More on Consumer Home Storage
by Michael Hay on Aug 18, 2009
So since I talked about my iTunes woes I’ve been finding continued mention of solving the problem of dealing with bulk data in the home. Here is another article, from Australia this time, talking about the virtues of home based consumer NAS. Heck even my own company has an offering in this space, which is really a little device that you stick in front of a consumer USB-HDD to make it network accessible. (However, I’m still waiting for proper media management software for the home.) As expected, the article I mentioned above talks about the virtues of backing up your home network to a central NAS device so that in the even of a local computer disaster. I do find one interesting point that is brought up and that is that consumer NAS does not protect against a fire or other related disaster. Fortunately Hitachi and others have worked to solve this problem by linking the system to an online storage service, Fabrik in the case of Hitachi.
Comments (2 )
In this post you touch again on one of the problems of the increasing amount of data that we all have at home – backup. You mention Fabrik, but I think that for the average consumer there are still two significant problems with online backup: a) security; and b) bandwidth.
It can be argued that for the consumer, security of an online backup is largely an issue of perception: if the consumer has a contract with a reputable supplier who in turn uses modern encryption then their data should be safe from prying eyes. However, there are other subtle issues in this area as well, such as would I really want my data to be held offshore, within the jurisdiction of another government?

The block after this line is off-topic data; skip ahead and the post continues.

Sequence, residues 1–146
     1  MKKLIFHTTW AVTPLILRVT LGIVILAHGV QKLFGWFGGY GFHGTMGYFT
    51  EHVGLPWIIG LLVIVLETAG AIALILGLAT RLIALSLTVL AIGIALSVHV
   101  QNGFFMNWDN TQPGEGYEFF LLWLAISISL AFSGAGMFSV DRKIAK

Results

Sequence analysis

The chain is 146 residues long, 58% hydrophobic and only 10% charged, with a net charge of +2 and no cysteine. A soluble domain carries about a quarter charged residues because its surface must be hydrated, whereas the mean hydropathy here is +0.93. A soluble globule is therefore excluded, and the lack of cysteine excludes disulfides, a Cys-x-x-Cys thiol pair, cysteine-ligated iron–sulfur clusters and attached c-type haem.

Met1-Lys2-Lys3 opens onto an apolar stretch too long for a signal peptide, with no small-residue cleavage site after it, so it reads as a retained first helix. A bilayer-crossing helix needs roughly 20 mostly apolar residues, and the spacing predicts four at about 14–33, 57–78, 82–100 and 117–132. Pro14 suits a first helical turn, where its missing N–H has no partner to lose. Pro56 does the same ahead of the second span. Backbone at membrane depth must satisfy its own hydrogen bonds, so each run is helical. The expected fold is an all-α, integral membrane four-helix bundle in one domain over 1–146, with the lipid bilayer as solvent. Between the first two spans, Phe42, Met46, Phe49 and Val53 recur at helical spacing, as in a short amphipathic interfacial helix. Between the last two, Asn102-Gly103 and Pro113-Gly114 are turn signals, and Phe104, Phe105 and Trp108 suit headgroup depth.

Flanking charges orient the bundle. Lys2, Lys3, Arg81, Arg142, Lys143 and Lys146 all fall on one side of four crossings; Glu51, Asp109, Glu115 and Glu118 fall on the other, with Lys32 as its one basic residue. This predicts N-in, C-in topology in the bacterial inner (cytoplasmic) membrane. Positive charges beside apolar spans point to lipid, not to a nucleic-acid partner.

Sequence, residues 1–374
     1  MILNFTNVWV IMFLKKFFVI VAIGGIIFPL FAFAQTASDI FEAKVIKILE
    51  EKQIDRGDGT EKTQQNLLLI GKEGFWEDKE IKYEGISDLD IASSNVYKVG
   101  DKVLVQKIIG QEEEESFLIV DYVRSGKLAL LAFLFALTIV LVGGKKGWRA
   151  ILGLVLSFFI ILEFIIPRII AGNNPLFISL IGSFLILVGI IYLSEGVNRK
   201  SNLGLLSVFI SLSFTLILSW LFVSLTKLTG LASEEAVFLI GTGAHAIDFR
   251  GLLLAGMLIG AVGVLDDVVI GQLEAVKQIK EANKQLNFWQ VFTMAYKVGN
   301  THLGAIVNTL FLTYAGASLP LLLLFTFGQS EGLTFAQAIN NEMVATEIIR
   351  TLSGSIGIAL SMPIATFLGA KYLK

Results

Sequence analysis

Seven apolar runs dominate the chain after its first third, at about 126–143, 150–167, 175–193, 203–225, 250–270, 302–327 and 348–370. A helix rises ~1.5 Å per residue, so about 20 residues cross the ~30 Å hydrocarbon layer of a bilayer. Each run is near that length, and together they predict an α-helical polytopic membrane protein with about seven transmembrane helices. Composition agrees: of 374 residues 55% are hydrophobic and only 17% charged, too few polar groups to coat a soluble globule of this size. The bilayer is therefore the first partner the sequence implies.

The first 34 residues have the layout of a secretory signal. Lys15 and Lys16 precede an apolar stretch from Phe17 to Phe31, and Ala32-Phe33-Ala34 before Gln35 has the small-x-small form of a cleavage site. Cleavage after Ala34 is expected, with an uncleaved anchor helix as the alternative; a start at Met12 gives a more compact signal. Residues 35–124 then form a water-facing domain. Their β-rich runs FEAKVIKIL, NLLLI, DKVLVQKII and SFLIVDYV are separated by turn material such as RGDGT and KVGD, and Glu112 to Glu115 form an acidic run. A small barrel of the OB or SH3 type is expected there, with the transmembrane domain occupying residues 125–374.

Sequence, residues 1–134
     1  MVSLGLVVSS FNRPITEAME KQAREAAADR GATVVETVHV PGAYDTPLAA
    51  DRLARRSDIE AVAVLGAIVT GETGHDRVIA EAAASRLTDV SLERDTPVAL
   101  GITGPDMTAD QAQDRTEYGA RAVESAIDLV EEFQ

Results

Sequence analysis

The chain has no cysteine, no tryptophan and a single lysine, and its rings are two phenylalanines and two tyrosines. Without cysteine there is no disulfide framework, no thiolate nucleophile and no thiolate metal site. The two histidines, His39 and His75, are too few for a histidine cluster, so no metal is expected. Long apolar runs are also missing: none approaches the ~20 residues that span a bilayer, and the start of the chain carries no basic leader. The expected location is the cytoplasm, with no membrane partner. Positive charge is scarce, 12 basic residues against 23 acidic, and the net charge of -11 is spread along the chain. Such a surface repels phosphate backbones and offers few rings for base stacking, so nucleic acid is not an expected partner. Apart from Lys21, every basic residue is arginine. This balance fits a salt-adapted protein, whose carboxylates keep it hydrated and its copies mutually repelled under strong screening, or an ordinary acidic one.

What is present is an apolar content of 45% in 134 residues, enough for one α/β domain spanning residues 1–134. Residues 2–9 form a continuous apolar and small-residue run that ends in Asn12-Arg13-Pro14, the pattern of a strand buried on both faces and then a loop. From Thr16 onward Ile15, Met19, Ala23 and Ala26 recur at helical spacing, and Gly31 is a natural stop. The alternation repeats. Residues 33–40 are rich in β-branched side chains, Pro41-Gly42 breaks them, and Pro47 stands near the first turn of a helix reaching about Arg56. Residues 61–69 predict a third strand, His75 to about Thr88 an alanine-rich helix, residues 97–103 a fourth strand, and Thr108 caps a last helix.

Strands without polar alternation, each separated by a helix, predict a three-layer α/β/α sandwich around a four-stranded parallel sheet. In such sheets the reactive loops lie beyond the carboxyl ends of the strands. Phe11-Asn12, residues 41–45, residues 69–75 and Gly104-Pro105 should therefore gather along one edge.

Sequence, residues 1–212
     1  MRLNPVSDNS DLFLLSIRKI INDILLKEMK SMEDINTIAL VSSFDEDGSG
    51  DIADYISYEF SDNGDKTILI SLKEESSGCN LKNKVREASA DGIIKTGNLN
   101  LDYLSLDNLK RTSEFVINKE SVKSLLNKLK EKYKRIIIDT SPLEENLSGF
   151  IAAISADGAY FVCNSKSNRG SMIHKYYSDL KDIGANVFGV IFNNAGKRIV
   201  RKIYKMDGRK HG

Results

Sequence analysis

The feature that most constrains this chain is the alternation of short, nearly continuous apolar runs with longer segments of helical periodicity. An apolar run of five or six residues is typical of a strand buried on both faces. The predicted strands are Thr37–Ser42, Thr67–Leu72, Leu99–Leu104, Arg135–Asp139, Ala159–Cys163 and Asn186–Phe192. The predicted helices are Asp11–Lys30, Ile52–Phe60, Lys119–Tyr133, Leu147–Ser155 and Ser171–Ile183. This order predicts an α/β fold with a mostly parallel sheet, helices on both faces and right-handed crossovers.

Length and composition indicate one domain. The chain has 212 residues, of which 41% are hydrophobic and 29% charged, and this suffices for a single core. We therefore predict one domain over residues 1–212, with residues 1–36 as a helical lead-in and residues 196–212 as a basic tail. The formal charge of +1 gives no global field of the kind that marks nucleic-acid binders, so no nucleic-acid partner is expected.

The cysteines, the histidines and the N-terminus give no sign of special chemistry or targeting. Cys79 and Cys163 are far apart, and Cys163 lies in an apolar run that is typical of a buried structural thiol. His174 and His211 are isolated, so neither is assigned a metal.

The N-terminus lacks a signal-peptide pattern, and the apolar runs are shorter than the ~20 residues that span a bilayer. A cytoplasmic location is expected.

Bandwidth is a major issue once you have a reasonable amount of data – I have something like 500GB on a NAS at home, and the vast majority of it is hard to compress files such as photos, music and already compressed backups of client machines. That means that bandwidth required for online backup and restore makes a Fabrik style solution impractical at the moment. From their own FAQ:
“For a typical system on a typical broadband line, Fabrik Ultimate Backup backs up data at about 2-4 GB
per day. But if left undisturbed on a fast connection, you can back up over 9 GB in a single day.”
So at “typical” speeds (which is unlikely given I would have a transatlantic hop) that would be 125 days to do the initial backup, and after a disaster another 125 days to get the data back. Hmm…
Maybe you could blog on the bandwidth problem in the future?
Simon, yes I think that there are a lot of issues in the area of bandwidth required to handle online backups or storage. However, perhaps they aren’t any different than what corporations experience except on a smaller scale. Issues like the cost of the pipe, picking the right data set to replicate into the “cloud”, and ensuring that you can actually do the restore I think are universal issues regardless of it being home or business. For instance for near perfect sync replication to work dark fiber is required between sites to keep up with the volume of data. This is an expensive solution to say the least.
Personally, I have about 3.3TB of raw disk storage for a variety of purposes and I have to say that I’m highly considering getting two more drives to backup the data and then rotate them between the US and Japan whenever I travel between the two countries.